The iron ore price has surprised market forecasters this year with 62% iron spot price today hitting $138.7 per tonne. That's much higher than most people had expected at this point in the calendar, leaving investors to wonder if iron ore will actually fall in value during the traditionally-weak third quarter period.
There's a favourable market consensus towards Rio Tinto (RIO) following last week's interim results despite the biggest chunk of its earnings coming from iron ore. You could argue that an impending supply glut is already well known in the market, so investors are focused on the potential for iron miners to slash costs to boost profit margins.
But has the iron ore price gone too far? Investec reckons it has an answer. Its analysis on the correlation between different types of iron ore prices, together with iron ore equity performance, implies we're now at a suitable point to consider short selling iron ore miners. Investec says a spread of less than $6 per tonne between the 6-month forward iron price and the 24-month forward iron ore price is a robust 'long' signal. When the spread exceeds $20 per tonne, it is time to sell – we're now at $21.83 per tonne spread.
In terms of equities, Investec says a basket of global iron ore equities has typically run up prior to a 'short' signal, rising 11% on average from 40 weekdays to 10 weekdays prior to the signal, before falling 16% on average from 10 weekdays prior to the signal to 18 weekdays after the signal.
Whether you buy into such analysis or not, there's no denying that the outlook for iron ore is far from compelling. Goldman Sachs reckons iron ore will average $120 per tonne in the second half of 2013, falling to $108 per tonne in 2014 and then $80 per tonne in 2015. That's a considerable drop on today's price.
This is a buyer's market with consumers able (and willing) to drive the spot price lower by deferring spot purchases and maintaining lower stockpiles than previously targeted. A large amount of Chinese steel production is thought to be cash flow negative, so mills won't be able to keep paying higher prices for their iron raw material. That will put a cap on prices, but they will also be supported by the need to maintain inventory levels above a minimum threshold level, claims Goldman Sachs in justification of its $120 per tonne near-term forecast.
The market oversupply is expected to emerge in early 2014. Large producers like Rio Tinto are increasing output, hoping for economies of scale and additional revenue to offset weaker iron ore prices. There's lots of projects around the world that are ramping up production, in addition to plenty of new mines on the cusp of development. The risk is that new mines don't get built because of the large amount of money needed to build roads and ports to facilitate exports – most of the big new discoveries are located in very remote places.
Morgan Stanley yesterday slashed its price target for Ukrainian iron ore producer Ferrexpo by 31% to 200p. It notes that the stock has 1.7 times leverage (up and down) to the iron ore price recently, but sees short-term risks that need addressing within the company. It expects iron ore prices to 'wane' as the Chinese steel industry adjusts to over-capacity and incremental seaborne production is realised, yet it says price volatility will remain. It reckons there is merit in using Ferrexpo (FXPO) as a proxy for the small-to-mid cap iron sector, or in tandem with Rio Tinto, to exploit the short-term volatility in iron pricing.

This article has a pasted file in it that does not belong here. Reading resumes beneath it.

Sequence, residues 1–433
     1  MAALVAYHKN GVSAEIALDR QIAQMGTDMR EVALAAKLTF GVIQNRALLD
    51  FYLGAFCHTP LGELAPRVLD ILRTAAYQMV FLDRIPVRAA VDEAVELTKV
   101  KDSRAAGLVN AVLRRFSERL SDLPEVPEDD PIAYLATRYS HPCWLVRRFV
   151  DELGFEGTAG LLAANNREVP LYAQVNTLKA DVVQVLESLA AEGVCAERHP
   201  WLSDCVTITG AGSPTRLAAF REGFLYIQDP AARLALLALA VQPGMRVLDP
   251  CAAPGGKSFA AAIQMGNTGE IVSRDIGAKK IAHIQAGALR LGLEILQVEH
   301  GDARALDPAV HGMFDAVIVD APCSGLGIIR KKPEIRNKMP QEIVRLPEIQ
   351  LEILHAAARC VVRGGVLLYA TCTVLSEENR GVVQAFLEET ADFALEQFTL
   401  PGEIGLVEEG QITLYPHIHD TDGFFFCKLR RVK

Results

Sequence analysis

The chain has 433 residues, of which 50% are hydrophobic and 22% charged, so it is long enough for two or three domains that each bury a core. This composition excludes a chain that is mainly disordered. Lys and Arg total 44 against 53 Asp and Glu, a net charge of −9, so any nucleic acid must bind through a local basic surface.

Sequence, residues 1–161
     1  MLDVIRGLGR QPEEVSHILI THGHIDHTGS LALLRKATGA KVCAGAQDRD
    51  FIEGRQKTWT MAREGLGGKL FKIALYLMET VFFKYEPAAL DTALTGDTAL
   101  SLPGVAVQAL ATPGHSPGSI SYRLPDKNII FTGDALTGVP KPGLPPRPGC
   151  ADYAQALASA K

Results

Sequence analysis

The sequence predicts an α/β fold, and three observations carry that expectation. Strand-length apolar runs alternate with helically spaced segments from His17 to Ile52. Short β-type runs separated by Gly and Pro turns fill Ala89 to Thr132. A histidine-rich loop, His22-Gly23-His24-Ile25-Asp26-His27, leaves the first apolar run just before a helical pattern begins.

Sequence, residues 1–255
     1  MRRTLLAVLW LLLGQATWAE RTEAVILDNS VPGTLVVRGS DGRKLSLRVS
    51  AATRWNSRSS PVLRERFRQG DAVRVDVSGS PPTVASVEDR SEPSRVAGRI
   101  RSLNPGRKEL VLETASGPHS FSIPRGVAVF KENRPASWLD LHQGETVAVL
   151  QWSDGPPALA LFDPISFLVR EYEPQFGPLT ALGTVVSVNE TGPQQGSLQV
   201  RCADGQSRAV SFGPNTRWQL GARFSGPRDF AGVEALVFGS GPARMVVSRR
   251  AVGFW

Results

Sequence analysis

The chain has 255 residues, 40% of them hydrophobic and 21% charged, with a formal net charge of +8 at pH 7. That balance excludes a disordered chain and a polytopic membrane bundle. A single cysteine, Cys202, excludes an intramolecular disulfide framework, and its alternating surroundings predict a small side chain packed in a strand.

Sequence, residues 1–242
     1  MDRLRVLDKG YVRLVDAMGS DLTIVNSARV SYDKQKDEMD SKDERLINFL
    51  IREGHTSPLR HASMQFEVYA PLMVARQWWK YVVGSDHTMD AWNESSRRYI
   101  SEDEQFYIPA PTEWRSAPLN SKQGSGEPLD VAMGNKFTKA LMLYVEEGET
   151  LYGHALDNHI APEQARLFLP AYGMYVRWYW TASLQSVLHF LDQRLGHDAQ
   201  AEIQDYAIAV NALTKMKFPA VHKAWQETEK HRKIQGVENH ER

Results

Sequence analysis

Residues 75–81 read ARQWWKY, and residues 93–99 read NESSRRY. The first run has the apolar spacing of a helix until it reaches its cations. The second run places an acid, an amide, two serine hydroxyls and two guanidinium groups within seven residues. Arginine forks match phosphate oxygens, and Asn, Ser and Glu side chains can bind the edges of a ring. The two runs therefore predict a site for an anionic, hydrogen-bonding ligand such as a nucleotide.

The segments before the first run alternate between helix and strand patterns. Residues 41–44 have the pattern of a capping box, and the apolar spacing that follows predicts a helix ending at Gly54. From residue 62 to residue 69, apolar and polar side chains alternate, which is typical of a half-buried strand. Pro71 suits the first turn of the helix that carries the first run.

Jefferies published a good research note on Monday (12 Aug) declaring metals and mining to be 'back from the dead'. It is not convinced we're at the start of a long-term bull market for the sector, but it does acknowledge that the outlook 'may not be as bad as many had believed'.
'Our expectation had been that Chinese steel capacity would come offline for seasonal maintenance activities in July and August and iron ore demand would weaken as a result. This has not happened. Our call for iron ore price weakness in the third quarter has so far been dead wrong (although we do expect a wave of new supply and an end of restocking between now and year end to lead to lower prices),' writes the bank.
Macquarie also acknowledges the bulk commodity's surprise trading pattern. In a research note today the bank writes: 'Iron ore prices have been rising since early July. Even if this is just a restocking rally, low levels of inventory at mills and ports suggest there is room for further upside.'
More and more people appear to be giving their support to iron ore, particularly on the back of upbeat Chinese economic figures. But if iron ore does suddenly fall back in price, renewed negative market sentiment could be a particularly nasty influence to iron equity plays. Iron ore accounted for 89% of Rio Tinto's first-half underlying earnings, claims Jefferies, making it particularly vulnerable to any commodity price decline. Nevertheless, bulls would argue that the market has already priced in weaker prices and that Rio is a low-cost producer able to survive and prosper during harder times. The debate could go on and on. As for us, we remain very cautious towards iron equities.